At Screen and Film School Brighton, we love watching our students and graduates working on projects they’re passionate about.

As part of our series on First Semester Documentaries, this week we caught up with First Year BA Hons Film Production student Krisjanis Pauls Birgelis. His film, Supply and Demand, is a gritty, black and white documentary giving the viewer an exclusive look at some of the stories from the streets of Latvia.


Tell us a bit about yourself

I moved from Latvia to the UK at the age of 19, with a dream of working in the film industry and now 2 years later I’m about to finish my first year at Screen and Film School. I’ve also started my own production company with some fellow students and couldn’t be happier with the support that the school is giving me.


How did you approach the filmmaking process for Supply and Demand?

I’ve always wanted to document the neighbourhood and circumstances that I’m from; I’ve always felt like theres so many stories to tell and I wanted to give it a try. The entire film was shot on a Galaxy S8, as that’s all the equipment I had available. I shot it over the period of two days, first getting all the background footage and then doing the interview. No further research went into making it as I had lived in that area for 18 years and knew exactly where to get the shots that I wanted. The interview process was very relaxed, we talked for about 3 hours about loads of things and then I just cut it to bits to actually form a story for the documentary.


What was your favourite part of the process?

Post production – this film is very edit heavy and I take great pride in just how much work I put in to it. Although some things could have been smoother, this was a learning exercise if anything as it was the first edit I did on Adobe Premiere Pro.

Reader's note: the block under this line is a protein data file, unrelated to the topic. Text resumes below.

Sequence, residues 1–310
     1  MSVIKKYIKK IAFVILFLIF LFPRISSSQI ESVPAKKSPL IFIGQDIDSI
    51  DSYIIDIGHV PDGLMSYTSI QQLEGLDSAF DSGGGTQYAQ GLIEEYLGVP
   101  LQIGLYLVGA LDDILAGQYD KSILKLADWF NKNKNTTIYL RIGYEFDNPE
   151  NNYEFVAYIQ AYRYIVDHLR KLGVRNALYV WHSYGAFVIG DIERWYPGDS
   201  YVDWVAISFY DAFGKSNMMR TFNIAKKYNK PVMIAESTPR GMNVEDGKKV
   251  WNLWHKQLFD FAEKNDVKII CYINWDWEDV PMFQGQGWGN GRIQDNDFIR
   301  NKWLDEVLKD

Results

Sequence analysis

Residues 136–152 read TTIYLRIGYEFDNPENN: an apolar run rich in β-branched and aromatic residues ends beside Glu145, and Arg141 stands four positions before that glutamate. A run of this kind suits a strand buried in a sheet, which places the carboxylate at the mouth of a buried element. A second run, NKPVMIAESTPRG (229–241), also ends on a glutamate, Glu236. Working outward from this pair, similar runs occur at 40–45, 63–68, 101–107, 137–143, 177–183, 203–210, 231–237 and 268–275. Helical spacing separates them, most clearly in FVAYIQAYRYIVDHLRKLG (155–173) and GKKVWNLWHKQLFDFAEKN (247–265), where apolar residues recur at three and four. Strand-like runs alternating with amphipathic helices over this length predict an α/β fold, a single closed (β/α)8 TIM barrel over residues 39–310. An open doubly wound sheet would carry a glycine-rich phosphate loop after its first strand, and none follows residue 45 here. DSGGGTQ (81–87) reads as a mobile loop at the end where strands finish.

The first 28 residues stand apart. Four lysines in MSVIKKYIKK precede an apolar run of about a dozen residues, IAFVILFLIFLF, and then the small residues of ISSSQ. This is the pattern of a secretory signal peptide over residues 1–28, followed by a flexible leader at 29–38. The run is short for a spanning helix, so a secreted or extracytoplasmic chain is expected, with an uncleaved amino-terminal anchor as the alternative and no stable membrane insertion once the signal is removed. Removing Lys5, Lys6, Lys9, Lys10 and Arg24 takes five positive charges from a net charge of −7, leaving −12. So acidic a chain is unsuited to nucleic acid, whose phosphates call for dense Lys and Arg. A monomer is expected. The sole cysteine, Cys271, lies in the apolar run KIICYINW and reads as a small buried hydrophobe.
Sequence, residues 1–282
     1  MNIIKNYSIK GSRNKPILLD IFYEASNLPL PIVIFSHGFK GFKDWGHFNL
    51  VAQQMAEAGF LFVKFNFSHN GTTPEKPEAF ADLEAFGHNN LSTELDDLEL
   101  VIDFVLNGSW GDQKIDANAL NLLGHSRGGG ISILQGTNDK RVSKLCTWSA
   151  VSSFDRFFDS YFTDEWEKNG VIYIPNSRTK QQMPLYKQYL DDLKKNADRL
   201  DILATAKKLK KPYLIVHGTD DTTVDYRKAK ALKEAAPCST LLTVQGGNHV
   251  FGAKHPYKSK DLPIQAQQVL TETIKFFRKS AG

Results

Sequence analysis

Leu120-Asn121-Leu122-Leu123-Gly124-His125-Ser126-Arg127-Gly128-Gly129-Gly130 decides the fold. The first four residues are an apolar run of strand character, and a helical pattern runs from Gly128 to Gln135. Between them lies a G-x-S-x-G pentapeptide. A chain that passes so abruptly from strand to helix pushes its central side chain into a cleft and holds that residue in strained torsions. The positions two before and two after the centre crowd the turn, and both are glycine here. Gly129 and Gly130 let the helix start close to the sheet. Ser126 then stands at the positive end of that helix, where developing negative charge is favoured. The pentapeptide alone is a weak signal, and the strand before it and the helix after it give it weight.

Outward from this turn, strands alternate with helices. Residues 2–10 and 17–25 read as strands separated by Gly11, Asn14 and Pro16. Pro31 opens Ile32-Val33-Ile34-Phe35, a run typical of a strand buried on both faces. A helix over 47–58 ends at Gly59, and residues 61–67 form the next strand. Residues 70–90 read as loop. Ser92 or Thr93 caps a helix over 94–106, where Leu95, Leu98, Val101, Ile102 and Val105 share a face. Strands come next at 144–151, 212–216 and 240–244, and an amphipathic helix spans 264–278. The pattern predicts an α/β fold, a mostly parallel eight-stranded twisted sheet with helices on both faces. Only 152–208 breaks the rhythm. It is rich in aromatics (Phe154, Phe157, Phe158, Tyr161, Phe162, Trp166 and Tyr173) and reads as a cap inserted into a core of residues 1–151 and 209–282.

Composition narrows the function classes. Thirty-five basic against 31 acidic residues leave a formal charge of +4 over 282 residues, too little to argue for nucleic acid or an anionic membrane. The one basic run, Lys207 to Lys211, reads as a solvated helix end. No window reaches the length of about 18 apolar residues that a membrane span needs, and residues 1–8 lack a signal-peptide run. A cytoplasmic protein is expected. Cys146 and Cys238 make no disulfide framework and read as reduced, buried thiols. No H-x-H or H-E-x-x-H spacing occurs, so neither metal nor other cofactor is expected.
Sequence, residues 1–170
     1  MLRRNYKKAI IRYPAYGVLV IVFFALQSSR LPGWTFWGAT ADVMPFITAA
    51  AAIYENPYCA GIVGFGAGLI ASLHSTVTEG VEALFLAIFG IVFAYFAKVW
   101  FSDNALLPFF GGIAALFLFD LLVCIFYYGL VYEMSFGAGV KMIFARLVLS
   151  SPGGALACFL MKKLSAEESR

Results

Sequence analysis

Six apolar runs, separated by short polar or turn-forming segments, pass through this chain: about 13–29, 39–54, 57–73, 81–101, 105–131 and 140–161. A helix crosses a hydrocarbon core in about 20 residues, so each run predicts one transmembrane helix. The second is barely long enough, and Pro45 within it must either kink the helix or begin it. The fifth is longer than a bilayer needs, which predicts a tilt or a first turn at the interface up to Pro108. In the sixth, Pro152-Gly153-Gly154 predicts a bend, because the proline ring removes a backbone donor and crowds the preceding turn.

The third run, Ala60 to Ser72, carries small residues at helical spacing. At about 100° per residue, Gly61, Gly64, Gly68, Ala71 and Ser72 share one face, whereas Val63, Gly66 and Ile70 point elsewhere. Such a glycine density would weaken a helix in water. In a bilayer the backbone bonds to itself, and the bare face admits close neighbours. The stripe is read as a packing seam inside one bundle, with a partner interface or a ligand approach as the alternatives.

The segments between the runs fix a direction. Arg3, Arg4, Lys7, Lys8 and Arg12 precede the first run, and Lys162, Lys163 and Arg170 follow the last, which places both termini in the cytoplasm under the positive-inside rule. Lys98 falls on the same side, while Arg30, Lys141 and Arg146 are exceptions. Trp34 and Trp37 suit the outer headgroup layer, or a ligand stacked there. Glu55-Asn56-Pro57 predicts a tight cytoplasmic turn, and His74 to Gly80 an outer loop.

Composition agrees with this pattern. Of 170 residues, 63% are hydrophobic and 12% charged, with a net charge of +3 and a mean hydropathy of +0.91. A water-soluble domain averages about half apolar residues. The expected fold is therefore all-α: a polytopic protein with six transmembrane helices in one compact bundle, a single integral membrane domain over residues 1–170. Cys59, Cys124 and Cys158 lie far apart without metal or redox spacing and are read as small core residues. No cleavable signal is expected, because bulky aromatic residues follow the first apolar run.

What did you find most challenging in this project?

It turned out I had too much footage. As our interview would often just go into rambles, it was then a struggle to actually connect the story. The second biggest struggle was face tracking in the edit. I had to blur the interviewees face to protect his identity, but he would often turn his head and it would lose the tracking. For some parts I had to manually blur his face frame by frame.


What advice would you give to applicants considering Screen and Film School?

Just believe in yourself. Literally, I mean its such a redundant thing to say but the University gives you so much support and the students are so supportive to each other, all it takes is a little bit of faith in yourself and you will succeed.


What’s next for you in terms of filmmaking?

I’m currently in the works of shooting 5 adverts for a modular housing company (my production company work), 2 music videos, and 2 short films. Coronavirus has put everything on freeze, but we are more than ready to get back in as soon as we can.



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